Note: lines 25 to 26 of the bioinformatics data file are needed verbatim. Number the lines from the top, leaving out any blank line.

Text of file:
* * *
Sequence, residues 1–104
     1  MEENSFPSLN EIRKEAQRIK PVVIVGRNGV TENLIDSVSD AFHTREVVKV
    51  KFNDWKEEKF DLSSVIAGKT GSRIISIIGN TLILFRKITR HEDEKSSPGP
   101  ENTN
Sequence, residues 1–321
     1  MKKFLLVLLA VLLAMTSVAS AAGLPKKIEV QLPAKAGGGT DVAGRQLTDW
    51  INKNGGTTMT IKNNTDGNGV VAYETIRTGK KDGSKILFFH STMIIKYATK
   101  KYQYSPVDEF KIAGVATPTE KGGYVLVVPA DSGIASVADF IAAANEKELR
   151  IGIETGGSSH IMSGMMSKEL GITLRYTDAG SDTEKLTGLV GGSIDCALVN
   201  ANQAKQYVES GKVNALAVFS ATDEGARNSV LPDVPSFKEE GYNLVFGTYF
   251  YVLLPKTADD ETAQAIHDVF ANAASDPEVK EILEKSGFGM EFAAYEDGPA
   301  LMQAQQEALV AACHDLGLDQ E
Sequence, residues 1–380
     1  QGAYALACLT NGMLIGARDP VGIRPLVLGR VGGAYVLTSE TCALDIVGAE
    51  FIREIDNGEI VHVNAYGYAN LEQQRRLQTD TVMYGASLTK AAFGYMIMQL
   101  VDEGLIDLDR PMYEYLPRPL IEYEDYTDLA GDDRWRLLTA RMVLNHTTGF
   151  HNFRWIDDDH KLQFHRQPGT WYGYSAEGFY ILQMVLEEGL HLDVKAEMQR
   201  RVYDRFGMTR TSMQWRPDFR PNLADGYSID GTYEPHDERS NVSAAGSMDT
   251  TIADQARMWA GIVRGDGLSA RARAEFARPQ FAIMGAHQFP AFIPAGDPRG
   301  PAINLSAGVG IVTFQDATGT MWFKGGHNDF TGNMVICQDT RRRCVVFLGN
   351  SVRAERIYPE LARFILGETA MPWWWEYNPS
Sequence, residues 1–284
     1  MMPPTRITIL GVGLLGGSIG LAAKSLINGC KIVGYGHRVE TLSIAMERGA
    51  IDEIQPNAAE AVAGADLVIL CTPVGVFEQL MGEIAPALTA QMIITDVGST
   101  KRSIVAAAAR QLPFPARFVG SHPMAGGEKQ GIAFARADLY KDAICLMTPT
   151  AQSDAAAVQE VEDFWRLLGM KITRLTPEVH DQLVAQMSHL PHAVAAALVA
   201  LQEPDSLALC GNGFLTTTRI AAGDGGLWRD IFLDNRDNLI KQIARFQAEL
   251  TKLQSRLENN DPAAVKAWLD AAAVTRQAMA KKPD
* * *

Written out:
   101  KRSIVAAAAR QLPFPARFVG SHPMAGGEKQ GIAFARADLY KDAICLMTPT
   151  AQSDAAAVQE VEDFWRLLGM KITRLTPEVH DQLVAQMSHL PHAVAAALVA